Seats filled, students switch to other courses at LSR
New Delhi: Lady Shri Ram College for Women which had the highest percentage in the first cut-off in BA (Programme) at 98.75 per cent and had saturated its seats in several other courses after the first cut-off admissions, left students ruing for not making the cut in National Institutional Ranking Framework's (NIRF) eighth-ranked college after the release of the second cut-off.
Applicants were seen changing their desired courses in order to find a seat at the prestigious college. "BA History (Hons) was my first preference but I had to switch to English (Hons) as the seats had been filled in History and I did not want to miss out studying in LSR," said Lata Deb who hailed from Kolkata. "I had narrowly missed the admission under the first cut-off list, but now the seats are already full in that course and I have to look for other options," said another student named Shruti Gupta from Delhi who was initially looking to pursue Economics (Hons) but had to change the plans.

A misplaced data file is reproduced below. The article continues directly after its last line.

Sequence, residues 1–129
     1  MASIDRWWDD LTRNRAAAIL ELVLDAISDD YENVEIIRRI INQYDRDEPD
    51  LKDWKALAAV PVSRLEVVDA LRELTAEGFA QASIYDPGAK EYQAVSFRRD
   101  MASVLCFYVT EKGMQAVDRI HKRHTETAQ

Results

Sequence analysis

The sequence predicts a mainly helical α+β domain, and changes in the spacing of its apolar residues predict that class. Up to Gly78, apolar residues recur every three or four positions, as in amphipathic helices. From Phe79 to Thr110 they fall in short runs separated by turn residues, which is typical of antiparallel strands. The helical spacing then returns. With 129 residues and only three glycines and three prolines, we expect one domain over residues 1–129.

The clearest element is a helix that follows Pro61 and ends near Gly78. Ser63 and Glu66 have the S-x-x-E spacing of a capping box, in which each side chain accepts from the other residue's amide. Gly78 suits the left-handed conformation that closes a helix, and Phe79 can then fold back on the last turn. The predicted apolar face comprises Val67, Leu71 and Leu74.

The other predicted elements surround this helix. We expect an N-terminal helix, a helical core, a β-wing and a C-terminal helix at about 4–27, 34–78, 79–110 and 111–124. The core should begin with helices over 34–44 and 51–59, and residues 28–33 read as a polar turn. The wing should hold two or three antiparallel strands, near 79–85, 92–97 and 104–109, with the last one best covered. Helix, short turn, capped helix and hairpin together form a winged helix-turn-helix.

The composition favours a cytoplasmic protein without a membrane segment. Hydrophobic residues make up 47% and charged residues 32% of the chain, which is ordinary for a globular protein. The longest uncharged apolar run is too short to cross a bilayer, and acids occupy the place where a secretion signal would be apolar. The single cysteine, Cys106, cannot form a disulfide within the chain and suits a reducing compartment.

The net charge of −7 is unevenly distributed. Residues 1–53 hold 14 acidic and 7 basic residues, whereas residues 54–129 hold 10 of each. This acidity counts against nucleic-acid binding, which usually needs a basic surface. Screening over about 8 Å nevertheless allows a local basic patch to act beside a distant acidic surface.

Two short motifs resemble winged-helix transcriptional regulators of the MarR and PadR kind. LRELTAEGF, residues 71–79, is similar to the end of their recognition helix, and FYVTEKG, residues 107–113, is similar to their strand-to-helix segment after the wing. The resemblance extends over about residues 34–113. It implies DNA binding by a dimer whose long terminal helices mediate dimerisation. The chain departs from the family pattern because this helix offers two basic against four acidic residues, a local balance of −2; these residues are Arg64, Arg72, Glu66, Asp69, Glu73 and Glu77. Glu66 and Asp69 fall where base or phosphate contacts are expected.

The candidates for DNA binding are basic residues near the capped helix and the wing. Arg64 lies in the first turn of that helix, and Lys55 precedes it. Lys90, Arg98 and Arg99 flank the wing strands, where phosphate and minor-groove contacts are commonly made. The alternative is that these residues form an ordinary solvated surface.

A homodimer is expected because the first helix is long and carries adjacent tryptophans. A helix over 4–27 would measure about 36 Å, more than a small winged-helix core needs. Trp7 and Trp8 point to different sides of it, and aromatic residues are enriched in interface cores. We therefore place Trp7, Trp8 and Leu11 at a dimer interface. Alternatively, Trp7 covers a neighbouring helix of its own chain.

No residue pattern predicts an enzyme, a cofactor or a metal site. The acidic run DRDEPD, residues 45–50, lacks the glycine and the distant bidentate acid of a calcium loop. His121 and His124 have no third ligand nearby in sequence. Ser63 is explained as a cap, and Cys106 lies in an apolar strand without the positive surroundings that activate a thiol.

Seats were filled in as many as seven courses at the college which included honours courses in Sociology, Psychology, Political Science, History, Economics, Statistics and Commerce. "BSc (Hons) Statistics, BA (Hons) Political Science and several other courses have seen an unprecedented rush under the first cut-off list," Principal, Dr Suman Sharma, Lady Shri Ram College had told the Millennium Post earlier.
Meanwhile, at PGDAV college, the students were in for a rude shock as the management of admission process was in total disarray. Long serpentine queues had formed and some students complained of having to stand in the queue for more than two hours. Anxious students who were already worried about seats being filled were further deterred after the administration's lethargy in facilitating the admission process smoothly. "I have been standing in the queue for a long time and it doesn't even seem to move. The manpower is limited here and it is proving a hurdle in the admission process," rued Rishi Rawat, a student who was looking to secure a seat in the PGDAV evening college.